She burst on to the scene by letting the world know that she likes to "whip her hair back and forth," so when Willow Smith, daughter of Will and Jada Pinkett Smith, decided to cut her hair short several months ago, her styling decision made headlines.
It didn't take long for the online attacks to start. Commenters, anonymous and otherwise, blasted everything from Willow's new look to mother Jada Pinkett-Smith's parenting abilities. The most bizarre questioned why the 12-year-old was "allowed" to wear her hair so short, as though that were some kind of social transgression.
Parents and not pre-teens, they claim, should be calling the sartorial shots.
Celebrities are used to weathering an awful load of criticism, but Pinkett-Smith has decided to hit back at the critics with an open letter both defending her daughter's choice to cut her hair and her encouragement of Willow's individuality.
"The question why I would LET Willow cut her hair. First the LET must be challenged. This is a world where women, girls are constantly reminded that they don't belong to themselves; that their bodies are not their own, nor their power or self determination," she writes on her Facebook page.
"Willow cut her hair because her beauty, her value, her worth is not measured by the length of her hair. It's also a statement that claims that even little girls have the RIGHT to own themselves and should not be a slave to even their mother's deepest insecurities, hopes and desires."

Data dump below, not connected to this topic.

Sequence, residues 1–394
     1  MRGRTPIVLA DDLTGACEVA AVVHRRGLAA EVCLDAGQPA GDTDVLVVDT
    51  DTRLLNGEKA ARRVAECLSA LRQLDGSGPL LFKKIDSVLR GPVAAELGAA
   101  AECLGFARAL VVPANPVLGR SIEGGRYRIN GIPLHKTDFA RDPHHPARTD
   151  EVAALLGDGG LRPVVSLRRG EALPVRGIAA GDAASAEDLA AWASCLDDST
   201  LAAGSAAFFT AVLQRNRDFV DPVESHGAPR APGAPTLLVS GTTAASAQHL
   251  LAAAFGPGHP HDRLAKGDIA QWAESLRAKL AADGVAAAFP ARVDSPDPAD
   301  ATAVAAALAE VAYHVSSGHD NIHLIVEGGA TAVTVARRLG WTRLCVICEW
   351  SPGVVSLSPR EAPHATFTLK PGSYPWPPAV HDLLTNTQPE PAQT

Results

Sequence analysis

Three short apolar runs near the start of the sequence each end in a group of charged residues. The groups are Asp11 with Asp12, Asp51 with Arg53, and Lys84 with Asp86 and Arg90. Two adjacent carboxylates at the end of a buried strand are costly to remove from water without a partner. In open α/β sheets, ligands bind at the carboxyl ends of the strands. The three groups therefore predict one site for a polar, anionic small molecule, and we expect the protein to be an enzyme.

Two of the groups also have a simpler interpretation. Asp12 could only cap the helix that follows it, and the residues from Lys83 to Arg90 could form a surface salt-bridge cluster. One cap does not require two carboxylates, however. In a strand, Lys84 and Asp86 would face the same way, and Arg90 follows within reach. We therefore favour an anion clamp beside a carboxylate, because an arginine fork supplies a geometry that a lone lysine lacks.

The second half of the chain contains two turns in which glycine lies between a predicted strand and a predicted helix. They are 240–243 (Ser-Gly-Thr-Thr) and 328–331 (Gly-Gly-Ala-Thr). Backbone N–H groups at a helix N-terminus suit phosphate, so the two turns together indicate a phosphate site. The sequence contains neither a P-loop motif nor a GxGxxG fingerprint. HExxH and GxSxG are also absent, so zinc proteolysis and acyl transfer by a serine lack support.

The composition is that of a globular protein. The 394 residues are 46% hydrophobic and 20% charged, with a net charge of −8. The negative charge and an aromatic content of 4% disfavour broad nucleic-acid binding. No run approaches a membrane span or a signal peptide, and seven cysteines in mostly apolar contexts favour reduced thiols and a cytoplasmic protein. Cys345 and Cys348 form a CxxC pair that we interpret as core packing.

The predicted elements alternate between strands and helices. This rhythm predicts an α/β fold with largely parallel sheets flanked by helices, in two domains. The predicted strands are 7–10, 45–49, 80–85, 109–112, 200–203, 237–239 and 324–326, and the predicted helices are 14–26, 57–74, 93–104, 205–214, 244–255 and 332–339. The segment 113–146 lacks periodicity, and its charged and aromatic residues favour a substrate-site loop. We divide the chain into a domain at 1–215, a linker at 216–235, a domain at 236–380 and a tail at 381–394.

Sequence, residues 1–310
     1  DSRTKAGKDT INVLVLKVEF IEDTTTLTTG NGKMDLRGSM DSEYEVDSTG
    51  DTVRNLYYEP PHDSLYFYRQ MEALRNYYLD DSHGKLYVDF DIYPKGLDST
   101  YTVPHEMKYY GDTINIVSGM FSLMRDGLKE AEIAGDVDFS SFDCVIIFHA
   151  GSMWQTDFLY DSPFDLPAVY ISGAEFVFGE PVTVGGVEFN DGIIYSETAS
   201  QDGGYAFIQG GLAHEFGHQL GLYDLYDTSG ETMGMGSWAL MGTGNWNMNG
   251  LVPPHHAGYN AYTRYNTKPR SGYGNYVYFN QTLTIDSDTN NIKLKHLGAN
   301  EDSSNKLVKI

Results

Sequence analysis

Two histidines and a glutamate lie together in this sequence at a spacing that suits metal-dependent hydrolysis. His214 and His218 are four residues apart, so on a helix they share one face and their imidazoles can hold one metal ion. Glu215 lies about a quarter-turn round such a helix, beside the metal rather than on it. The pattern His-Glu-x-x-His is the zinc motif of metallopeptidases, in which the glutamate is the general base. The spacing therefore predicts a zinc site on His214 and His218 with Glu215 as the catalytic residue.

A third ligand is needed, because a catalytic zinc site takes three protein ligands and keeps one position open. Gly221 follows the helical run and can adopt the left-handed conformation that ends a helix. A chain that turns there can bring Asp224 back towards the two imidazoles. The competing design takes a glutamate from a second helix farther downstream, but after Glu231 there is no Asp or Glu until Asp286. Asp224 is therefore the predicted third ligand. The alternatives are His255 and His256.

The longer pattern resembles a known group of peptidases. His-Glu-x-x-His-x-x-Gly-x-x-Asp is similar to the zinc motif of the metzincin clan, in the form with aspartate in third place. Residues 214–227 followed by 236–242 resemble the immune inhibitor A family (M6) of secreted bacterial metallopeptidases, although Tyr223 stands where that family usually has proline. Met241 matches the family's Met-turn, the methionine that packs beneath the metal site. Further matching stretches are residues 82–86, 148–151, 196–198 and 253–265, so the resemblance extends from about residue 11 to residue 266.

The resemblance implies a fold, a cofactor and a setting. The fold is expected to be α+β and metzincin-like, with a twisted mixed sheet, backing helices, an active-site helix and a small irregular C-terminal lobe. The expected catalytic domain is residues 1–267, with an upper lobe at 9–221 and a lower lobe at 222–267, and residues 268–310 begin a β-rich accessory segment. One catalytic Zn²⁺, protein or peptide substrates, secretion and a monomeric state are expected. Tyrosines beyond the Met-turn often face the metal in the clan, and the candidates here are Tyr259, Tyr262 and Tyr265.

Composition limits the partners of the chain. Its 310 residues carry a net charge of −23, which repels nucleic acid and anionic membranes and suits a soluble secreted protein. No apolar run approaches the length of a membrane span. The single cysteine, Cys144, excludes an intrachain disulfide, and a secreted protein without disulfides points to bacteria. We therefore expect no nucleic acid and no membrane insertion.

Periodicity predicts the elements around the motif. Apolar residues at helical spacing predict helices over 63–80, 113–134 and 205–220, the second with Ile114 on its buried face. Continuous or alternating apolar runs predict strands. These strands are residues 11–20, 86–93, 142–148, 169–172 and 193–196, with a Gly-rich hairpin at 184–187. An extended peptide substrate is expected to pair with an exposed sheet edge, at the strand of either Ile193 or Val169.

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Pinkett-Smith's views find some anchoring in an article on KidsHealth.org. Addressing body image and appearance in teens, they suggest that changing bodies are going to result in an elevated preoccupation with appearance and that by trying different styles, kids are finding out who they are.
"When preteens and teens express their taste in clothes and hairstyles, they're making statements about themselves. Experimenting with and defining their styles is one way to express their interests, personality, independence, and identity," reads the article.
But there's a more traditional school of thought that suggests parents should exert more control when it comes to the way their children wear their hair.
"I don't agree with it, I was never allowed to dye my hair," writes a commenter named Brooke on Circle of Moms. "When I was at school I would see the girls [the] same ages as me with different hair colours each month or two. It made them look really cheap."
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And the issue culminated into a suspension for South Carolina middle school student after she dyed her hair pink in support of breast cancer, showing it's not just parents who want to enforce these codes.
What do you think? Should pre-teens and teen girls be allowed to do whatever they like with their hair because their bodies belong to them, or do parents still get a vote?